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Imports play an important part in foreign trade of a country. The article would give an insight into the import trade of India

India Imports

Indian Import Policy
Import is the antonym of export. In the terms of economics, import is any commodity brought into one country from another country in a legal way. The economic needs of the country, effective use of foreign currency are the basic factors which influence India's import policy. There are mainly 3 basic objectives of the Indian import policy :
  • To make the goods easily available.
  • To simplify importing license.
  • To promote efficient import substitution.
Current Scenario of Imports in India
There are few goods which cannot be imported namely tallow fat, animal rennet, wild animals, unprocessed ivory etc. Most of the restrictions are on the ground of security, health, environment protection etc. Imports are allowed free of duty for export production. Input output norms have been specified for more than 4200 items. The norms tell about the amount of duty free import of inputs allowed for specified products. There are no restrictions on imports of capital goods. Import of second hand capital goods whose minimum residual life is of five years is permitted. Export Promotion Capital Goods (EPCG) scheme provides exporters to import capital goods at a concessionary custom rates. In the past 30 years Indian imports have risen quite dramatically. At present imports accounts for 17% of the GDP. Capital goods have been continued to be imported and in the last three years, their share has fallen from 25% to 22%.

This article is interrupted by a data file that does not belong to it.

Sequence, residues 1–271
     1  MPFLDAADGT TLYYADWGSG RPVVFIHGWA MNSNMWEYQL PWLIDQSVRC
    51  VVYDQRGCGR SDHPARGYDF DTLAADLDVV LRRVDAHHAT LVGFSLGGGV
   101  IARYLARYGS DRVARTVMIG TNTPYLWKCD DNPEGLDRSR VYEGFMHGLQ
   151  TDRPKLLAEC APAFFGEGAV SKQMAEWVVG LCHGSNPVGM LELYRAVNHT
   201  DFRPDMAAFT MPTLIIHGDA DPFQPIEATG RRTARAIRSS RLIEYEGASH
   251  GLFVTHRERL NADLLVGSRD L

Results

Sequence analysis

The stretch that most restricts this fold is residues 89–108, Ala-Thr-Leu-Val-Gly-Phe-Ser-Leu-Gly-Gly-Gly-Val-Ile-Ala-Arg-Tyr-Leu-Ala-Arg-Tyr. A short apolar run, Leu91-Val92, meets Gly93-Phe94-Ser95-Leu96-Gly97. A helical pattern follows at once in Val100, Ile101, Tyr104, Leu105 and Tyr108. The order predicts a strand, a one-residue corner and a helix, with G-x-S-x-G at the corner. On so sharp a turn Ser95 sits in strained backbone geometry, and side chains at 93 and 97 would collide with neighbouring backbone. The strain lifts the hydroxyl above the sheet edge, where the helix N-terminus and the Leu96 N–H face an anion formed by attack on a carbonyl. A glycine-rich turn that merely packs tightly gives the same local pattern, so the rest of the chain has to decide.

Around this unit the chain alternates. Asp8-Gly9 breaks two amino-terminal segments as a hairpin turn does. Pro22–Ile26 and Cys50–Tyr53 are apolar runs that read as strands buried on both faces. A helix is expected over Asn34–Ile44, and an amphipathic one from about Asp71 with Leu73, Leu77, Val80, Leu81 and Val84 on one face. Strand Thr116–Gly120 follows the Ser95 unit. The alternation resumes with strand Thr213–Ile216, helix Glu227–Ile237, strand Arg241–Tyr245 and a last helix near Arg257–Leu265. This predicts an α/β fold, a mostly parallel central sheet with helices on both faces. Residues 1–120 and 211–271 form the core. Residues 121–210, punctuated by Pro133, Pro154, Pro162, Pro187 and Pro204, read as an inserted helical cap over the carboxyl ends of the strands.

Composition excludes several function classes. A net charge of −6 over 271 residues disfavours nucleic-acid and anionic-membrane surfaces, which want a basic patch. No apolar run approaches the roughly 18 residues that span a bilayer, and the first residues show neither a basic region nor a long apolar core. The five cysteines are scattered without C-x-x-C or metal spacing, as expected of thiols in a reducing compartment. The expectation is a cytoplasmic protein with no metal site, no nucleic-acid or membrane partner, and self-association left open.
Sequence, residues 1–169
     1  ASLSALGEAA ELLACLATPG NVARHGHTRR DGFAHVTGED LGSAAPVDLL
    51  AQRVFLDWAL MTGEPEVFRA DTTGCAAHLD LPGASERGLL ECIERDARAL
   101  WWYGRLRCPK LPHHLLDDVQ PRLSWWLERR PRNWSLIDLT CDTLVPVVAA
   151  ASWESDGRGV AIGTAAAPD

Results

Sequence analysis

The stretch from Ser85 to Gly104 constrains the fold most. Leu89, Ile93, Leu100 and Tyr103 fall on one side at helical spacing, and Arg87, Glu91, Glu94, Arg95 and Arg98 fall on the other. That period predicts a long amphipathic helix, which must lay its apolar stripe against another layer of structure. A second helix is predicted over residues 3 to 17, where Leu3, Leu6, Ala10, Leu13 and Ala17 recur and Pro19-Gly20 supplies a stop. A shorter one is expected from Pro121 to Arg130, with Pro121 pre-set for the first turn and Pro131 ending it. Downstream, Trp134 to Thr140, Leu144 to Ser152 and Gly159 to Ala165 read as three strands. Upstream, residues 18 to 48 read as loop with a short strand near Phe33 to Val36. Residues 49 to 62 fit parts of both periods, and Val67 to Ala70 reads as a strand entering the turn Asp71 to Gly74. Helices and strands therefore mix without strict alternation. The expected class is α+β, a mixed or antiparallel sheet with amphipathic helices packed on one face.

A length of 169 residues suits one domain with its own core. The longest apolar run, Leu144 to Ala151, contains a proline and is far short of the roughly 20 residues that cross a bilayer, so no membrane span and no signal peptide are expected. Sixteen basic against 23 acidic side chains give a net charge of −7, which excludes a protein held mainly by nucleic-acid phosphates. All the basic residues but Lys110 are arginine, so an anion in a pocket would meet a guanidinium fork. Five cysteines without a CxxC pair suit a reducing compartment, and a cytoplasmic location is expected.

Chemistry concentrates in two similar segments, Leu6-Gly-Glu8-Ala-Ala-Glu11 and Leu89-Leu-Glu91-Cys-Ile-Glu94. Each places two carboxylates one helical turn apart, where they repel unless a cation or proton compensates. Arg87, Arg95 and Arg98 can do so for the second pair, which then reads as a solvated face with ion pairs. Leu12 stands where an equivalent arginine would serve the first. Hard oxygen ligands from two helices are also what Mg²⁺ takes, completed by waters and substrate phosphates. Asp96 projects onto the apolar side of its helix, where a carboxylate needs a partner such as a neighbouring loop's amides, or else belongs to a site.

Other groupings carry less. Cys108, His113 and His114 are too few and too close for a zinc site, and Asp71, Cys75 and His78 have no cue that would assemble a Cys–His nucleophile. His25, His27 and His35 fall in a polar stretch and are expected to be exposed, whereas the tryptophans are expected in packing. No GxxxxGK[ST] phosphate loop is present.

Major Indian Imports
There are facilities available for the service industries to enjoy the facility of zero import duty under EPCG scheme. Some of the major imports of India are edible oil, newsprint, petroleum and crude products, crude rubber, fabrics, electronic goods etc.

Problems due to Large Import of Products
The recent trend of imports is of some concern. The regular imports of oil reflect upon the fact that India is not able to produce the quantity of oil required in India. Moreover the increase in the imports of products also highlights the fact that the Indian domestic industries need to be developed. High cost of imports also put pressure on the foreign exchange reserves.

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